Air Force test pilot Pike Yarnell reluctantly attends the memorial service for long-dead Donald Beasley, his navigator during the Korean War; recalling, in flashbacks, their painful days ... See full summary »
Based on Polly Adler's best-selling autobiography about her life in the Roaring Twenties as a legendary Madam. The movie follows Polly's life from an immigrant worker to becoming friend and... See full summary »
A housewife is doing her best to keep her family together as it's slowly falling apart, a fact she's trying to ignore. Her cheating husband's birthday party is approaching and many lines will be crossed after that event.
Summer people in Maine: things are changing. Whales no longer pass close to the shore as they did during the youth of two elderly widowed sisters who have a seaside home where they've ... See full summary »
It's hard, if not impossible, to remake a classic.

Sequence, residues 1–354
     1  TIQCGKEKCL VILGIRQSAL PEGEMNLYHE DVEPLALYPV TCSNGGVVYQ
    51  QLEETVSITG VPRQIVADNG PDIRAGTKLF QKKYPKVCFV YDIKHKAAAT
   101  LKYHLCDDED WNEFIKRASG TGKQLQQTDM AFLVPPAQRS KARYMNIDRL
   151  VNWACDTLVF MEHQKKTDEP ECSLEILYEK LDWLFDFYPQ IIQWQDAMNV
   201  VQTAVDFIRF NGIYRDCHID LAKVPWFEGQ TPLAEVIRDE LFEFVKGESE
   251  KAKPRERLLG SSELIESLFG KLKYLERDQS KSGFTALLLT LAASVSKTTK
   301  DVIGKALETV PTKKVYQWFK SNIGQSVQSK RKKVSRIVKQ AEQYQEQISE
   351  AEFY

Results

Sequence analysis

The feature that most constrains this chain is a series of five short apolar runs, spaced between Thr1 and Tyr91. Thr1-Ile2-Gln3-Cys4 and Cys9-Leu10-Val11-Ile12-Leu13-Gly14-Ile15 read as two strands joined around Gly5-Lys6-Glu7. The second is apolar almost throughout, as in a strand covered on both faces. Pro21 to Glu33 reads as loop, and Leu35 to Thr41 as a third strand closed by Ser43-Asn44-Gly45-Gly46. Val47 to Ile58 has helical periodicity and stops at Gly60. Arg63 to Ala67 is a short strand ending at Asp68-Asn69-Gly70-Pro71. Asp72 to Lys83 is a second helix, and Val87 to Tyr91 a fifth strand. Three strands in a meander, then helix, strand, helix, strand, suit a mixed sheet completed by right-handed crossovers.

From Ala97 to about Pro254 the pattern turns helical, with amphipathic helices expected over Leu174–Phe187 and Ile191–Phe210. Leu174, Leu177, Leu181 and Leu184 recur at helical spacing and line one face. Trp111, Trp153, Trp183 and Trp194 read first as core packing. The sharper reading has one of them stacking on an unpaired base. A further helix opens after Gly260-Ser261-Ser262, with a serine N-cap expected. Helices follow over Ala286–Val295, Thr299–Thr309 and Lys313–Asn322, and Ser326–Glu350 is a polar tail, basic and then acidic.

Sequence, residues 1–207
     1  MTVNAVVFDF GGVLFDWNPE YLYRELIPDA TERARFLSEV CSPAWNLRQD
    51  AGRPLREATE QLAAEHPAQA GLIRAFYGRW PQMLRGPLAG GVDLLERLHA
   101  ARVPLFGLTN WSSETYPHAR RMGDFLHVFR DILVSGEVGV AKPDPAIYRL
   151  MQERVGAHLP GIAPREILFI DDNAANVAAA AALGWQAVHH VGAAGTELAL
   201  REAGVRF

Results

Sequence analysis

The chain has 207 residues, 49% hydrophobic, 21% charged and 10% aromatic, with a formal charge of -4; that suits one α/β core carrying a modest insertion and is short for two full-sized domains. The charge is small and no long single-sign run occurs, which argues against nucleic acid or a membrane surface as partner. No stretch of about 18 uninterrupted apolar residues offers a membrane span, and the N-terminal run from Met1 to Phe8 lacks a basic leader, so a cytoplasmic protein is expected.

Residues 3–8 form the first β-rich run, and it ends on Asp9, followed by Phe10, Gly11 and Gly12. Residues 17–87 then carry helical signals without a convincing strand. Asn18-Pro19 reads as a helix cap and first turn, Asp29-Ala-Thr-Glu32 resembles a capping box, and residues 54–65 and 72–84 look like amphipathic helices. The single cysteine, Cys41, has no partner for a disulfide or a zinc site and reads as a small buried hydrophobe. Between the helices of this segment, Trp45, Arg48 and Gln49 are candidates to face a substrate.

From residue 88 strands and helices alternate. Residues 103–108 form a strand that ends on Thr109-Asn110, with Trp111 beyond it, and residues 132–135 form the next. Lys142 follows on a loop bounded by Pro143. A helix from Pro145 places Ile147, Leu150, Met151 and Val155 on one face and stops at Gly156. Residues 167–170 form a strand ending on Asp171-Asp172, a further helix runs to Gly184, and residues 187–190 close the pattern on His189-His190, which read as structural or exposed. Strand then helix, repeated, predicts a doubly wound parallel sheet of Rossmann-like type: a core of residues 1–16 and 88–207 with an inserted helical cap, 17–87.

It's hard, if not impossible, to remake a classic. Since its theatrical release in 1944 only one attempt has been made to remake Frank Capra's "Arsenic and Old Lace and the fact that it came in the form of a "made for TV" movie made it seem, at first glance, even greater sacrilege. The production is, nonetheless, first class. Bob Crane (Hogan's Heroes) just shines as the befuddled newlywed Mortimer Brewster, suddenly confronted with the fact that his gene pool was more like a fetid DNA swamp of psychotic chromosomes. Careful updating of the original play only served to make it perhaps more appealing to contemporary audiences without detracting from the perfection of its predecessor. Casting was beyond reproach. Who could possibly protest Lillian Gish and Helen Hayes as the sweet, dotty albeit homicidal aunts or Fred Gwynne as the ominous brother Jonathan. This version is seldom if ever shown but if you ever get a chance to see it, do. It is an updated interpretation of the original and every bit as good.
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